A Kind of Author

Rodney Graham’s books, sculptures, photographs, films, objects, paintings, and music; his artistic involvements with Sigmund Freud, Edgar Allan Poe, Herman Melville, Donald Judd, Richard Wagner, the Brothers Grimm, and Pablo Picasso; his practice of borrowing from, referencing, turning upside down, and adapting other works and authors; his constant oscillating between quotation and autobiography, between the discourse of the professional and the pose of the amateur, offer, when taken together, such a broad field for critical, interpretive, and theoretical approaches that looking back on thirty years of his work, one sometimes has the impression the artist is merely a postmodern fiction, the protagonist of an art novel related to the late twentieth century’s ambitious zeitgeist by an endless series of references and allusions, a figure who, as it were, goes about in disguise behind his various possible interpretations. This is not to say, however, that the character R. G. in any way disappears; on the contrary, despite all his different disguises, he remains palpably present in the work, so much so that one cannot get rid of the suspicion that this is a person trying to construct a kind of self-portrait, or rather, trying to sound out allusively and theatrically all the possibilities that remain open to art in his time.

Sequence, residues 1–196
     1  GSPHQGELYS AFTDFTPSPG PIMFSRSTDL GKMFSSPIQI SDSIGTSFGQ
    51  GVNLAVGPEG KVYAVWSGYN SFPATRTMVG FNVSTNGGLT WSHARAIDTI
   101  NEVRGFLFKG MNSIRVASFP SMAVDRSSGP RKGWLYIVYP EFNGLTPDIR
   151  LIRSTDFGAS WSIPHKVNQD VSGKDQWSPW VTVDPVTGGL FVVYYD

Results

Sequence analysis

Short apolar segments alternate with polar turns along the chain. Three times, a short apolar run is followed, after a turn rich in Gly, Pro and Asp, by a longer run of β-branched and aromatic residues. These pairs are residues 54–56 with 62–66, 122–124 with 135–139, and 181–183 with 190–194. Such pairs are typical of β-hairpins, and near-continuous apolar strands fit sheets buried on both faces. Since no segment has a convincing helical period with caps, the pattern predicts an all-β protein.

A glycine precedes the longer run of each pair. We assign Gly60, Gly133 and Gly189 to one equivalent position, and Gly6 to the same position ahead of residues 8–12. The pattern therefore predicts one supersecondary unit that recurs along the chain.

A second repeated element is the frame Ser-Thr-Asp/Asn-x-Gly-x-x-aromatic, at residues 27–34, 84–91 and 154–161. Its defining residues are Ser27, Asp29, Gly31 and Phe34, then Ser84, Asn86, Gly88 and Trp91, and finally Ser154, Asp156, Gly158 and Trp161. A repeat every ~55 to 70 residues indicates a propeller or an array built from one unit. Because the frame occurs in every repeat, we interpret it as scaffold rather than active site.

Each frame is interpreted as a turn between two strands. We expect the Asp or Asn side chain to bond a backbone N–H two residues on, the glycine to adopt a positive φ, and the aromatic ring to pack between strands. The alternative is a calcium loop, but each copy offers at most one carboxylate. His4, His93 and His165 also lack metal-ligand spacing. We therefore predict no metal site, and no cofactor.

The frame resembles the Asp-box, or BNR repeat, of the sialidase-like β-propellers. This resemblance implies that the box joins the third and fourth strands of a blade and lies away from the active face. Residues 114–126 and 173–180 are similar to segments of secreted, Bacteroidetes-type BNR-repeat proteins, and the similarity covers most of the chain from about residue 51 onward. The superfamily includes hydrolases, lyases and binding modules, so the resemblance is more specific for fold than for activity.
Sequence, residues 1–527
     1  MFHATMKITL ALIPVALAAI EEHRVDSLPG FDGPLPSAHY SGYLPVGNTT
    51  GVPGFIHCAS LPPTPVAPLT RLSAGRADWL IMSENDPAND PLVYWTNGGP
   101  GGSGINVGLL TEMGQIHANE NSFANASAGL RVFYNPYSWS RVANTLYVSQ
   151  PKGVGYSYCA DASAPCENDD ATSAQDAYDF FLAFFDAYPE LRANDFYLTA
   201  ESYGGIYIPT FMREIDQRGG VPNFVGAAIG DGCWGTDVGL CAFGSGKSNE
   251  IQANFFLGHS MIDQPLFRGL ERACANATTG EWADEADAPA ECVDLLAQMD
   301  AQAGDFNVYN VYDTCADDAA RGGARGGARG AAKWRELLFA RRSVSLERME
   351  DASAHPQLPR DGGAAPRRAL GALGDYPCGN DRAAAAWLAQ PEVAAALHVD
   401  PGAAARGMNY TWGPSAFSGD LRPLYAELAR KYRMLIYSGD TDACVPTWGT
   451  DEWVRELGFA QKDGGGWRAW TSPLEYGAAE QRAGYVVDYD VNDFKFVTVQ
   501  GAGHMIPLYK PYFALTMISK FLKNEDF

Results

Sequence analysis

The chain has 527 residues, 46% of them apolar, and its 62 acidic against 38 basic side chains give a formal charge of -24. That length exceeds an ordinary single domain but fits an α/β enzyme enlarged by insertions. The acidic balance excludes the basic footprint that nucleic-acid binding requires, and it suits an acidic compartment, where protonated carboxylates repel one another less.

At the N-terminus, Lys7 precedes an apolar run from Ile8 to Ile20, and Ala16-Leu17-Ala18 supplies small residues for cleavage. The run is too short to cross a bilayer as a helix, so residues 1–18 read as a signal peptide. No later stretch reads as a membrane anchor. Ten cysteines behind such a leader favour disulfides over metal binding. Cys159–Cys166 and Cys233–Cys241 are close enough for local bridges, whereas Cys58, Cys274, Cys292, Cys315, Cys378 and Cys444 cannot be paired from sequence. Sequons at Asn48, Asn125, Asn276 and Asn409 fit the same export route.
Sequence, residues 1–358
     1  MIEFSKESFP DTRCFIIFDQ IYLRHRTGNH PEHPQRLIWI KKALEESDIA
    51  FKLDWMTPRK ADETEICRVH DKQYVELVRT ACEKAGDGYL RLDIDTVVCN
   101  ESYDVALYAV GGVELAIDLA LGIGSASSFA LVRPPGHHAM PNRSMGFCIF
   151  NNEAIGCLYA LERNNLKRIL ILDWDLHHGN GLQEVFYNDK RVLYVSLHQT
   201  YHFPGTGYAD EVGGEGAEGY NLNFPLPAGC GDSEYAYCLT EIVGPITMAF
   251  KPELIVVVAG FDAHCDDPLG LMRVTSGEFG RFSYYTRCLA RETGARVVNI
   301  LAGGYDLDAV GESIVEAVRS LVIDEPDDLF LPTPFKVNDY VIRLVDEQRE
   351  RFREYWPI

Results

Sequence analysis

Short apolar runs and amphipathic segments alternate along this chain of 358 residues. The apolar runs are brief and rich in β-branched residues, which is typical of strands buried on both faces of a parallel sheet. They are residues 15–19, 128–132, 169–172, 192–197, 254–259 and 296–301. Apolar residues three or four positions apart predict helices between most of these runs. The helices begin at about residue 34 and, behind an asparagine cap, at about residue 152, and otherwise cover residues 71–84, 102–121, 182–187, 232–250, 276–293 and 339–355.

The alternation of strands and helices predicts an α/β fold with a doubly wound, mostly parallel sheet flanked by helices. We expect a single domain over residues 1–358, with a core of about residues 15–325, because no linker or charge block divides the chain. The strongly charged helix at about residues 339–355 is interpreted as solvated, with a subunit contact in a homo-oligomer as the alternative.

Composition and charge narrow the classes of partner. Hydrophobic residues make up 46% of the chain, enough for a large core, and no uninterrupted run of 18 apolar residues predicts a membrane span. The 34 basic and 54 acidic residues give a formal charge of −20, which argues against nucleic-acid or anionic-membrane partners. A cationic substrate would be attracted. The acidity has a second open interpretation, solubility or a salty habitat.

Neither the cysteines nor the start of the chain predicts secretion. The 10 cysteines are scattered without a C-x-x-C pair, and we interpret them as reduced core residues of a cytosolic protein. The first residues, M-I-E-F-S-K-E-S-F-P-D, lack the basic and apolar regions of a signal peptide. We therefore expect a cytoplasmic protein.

Graham appears as a kind of co-author1 on the title pages of his first book projects, only for him to assume somewhat later the (apparent) sole responsibility for the text.2 Even later we see him in person3 for the first time—albeit only half-present, asleep, as it were. From 19974 on, however, it becomes difficult to imagine any of his films and photographs without him being in them. As an actor, he remains readily identifiable behind all the costumes, roles, and periods he appears in, from the eighteenth-century shipwrecked sailor to the nineteenth-century cowboy up to the twentieth-century Bohemian of the nineteen-sixties. Beneath all his disguises, Graham the character plays himself without ever becoming identifiable as an individual, as if he were someone who wanted both to hide and reveal himself in his work, an author to be identified with and at the same time to be doubted. His songs make full use of the forms of popular music, while leaving it unclear exactly on what stage they are to be played , whether at a pop concert or in a museum. They strengthen the impression that one of this artist’s most important genres is the self-portrait, with all the obvious and less than obvious implications this carries.